Bruce Mather, the Constant Composerby Louise Bail
/ October 1, 2012
Flash version here.
Settled in Montreal since 1966, Bruce Mather, a Toronto native (1939), made his career at McGill University as a professor of composition and analysis (1966-2001). He conducted the McGill Contemporary Music Ensemble (1981-1996), fostering an open and international mindset. Passionate about French culture, he integrated very quickly into the Montreal music scene. He participated in the inauguration of the Société de musique contemporaine du Québec, where he was part of its early boards of directors (1967-1980). The sheer size of his oeuvre shows he was a non-stop worker and a man who cultivated art in every aspect of his life, constantly searching for new ways to explore sound and style.
Mather’s reviewers describe him as being a meticulous and relentless aesthete when it comes to outlining the qualities of good music. Through his opinions of various aspects of the music, its performance and transmission, Mather explicitly delivers his aesthetic position and sense of social engagement through music. Do not ask him to describe what he strives to express through his music; he will tell you that he would do it if he were a poet. As he is not; he claims that he cannot translate into words what music articulates through sound.
However, his music is indeed like poetry. The late Bengt Ambraeus, a friend of the composer, describes an excerpt of Mather’s Music for Organ, Horn and Gongs (1973) as “overlapping, engulfing waves; transitions from one sound to another; a flawless continuity where new structures are born virtually inaudibly...”
This contemplative and meditative nature of his works, which are likened to “illustration[s] sketched around a poetic idea,” is one of the most unique aspects of Mather’s music that the listener will easily recognize in Pommard. His curiosity led him to spontaneously compose the work Pommard for the cello quartet Quatuor Ponticello. Always on the lookout for performers in line with his aesthetic views, he claims to never have written for string quartet, to love the timbre of low strings and especially to have been impressed by the Quatuor Ponticello’s set, which he heard during one of the Ensemble contemporain de Montréal’s 2009 concerts directed by Véronique Lacroix.
In Pommard,the four cellos engage in a whispered dialogue where, in delicate counterpoint, small and large melodic intervals intertwine with each other (fourths and semi-tones against minor sixths) and sixteenth-note rhythms and extended techniques (pizzicati and sul ponticello) glide over one another without stopping more piercing and pronounced fragments from crossing the musical score and asserting the identity of the protagonists, “thereby creating an illusion of distance and proximity.” A fortissimo coda, played over a succession of vast chords, reduces all the parts to a unison, as one would want to preserve the fleeting taste of a good, robust wine...
Pommard displays a great deal of the traits associated with Mather’s oeuvre, including one that secured him a place in the evolution of the composition. The work is written using the quarter-tone system that Mather discovered upon meeting Wyschnegradsky in 1974. Impressed by the theory that divides “the octave into intervals smaller than the semi-tone, ranging from the quarter-tone to the twelfth-tone, these micro-intervals used to create symmetrical subdivisions of non-octaviant space—otherwise put, intervals other than the octave,” Mather found that the system opened up new writing possibilities. He eventually become one of its exemplary masters. Since then, he never stopped composing in microtonality, as Pommard confirms, because the work—to be listened through a microscope—introduces us to the physical world of the infinitely small, a world that can lead to intense and expressive spiritual experiences.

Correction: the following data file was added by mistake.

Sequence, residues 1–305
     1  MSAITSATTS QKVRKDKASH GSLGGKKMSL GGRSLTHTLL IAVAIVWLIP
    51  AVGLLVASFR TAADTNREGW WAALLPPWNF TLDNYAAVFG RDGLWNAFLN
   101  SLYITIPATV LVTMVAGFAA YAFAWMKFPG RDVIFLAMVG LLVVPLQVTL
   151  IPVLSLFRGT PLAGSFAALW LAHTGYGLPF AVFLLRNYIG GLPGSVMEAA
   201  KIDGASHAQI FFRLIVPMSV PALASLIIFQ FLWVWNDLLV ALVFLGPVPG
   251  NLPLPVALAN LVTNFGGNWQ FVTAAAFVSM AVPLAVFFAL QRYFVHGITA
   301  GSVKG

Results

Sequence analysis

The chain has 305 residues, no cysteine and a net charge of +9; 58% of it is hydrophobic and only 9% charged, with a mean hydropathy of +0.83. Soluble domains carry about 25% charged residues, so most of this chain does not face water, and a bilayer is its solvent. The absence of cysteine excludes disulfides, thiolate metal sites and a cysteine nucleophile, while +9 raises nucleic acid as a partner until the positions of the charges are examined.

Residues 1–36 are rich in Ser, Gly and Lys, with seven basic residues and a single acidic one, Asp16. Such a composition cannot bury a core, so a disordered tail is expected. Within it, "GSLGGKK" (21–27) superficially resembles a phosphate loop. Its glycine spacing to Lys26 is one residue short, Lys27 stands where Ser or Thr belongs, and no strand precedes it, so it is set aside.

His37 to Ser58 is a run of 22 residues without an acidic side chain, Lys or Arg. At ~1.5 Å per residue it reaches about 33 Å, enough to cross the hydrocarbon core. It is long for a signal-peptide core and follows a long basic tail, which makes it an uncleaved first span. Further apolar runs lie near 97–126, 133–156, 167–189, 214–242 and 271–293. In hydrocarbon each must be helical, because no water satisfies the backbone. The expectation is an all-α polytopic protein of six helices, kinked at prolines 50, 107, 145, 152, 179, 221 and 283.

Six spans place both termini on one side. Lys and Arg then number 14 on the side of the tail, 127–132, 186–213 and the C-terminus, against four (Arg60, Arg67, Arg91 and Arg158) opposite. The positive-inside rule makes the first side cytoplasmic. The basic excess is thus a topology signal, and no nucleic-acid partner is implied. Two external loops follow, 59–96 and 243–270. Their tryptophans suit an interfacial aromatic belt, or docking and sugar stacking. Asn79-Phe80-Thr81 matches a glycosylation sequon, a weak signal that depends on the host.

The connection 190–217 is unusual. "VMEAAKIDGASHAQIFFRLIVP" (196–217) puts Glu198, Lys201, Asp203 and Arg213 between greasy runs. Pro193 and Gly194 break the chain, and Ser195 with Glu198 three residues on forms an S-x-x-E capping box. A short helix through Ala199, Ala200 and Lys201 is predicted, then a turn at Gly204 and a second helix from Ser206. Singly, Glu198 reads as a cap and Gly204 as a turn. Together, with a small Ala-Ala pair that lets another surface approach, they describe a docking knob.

Pommard is also the last vat of “winey” works (there have been around twenty since 1977), as Mather mischievously calls them. Are there comparisons to be made between wine and the work? It is just as difficult to describe wine as it is music, he explains. Some connections can be made, but it doesn’t go much further than that. Pommard is a rich and full-bodied red wine from Burgundy. The experienced oenologist describes the connection between wine and music this way: “A good wine represents a balance between tannin, sweetness and acidity. A good piece of music also represents a balance, between intelligence and the organization of material on the one hand, and expressiveness, emotion and language on the other.”
An eminent and subtle musician, Bruce Mather is undoubtedly a defining figure in Montreal contemporary music. His compositional language, clear but not crude, natural in every dynamic, invites the listener to indulge in the pleasure it arouses. Cultured and on the look-out for meaningful experiences, Mather’s music is like a fine wine.
• Written for the Quatuor Ponticello for its 10th anniversary, Bruce Mather’s first string quartet premiered on May 14, 2012. The work will be performed another ten times throughout the 2012-2013 season. The concert list is on the website:
• Travaux de nuit (for ensemble and baritone), Atelier de musique contemporaine under the direction of
Lorraine Vaillancourt, Salle Claude-Champagne, April 8, 2013
Source: Compositeurs canadiens contemporains. (L. Laplante, dir.). Montreal: Les Presses de l’université du Québec
Translation: Catherine Hine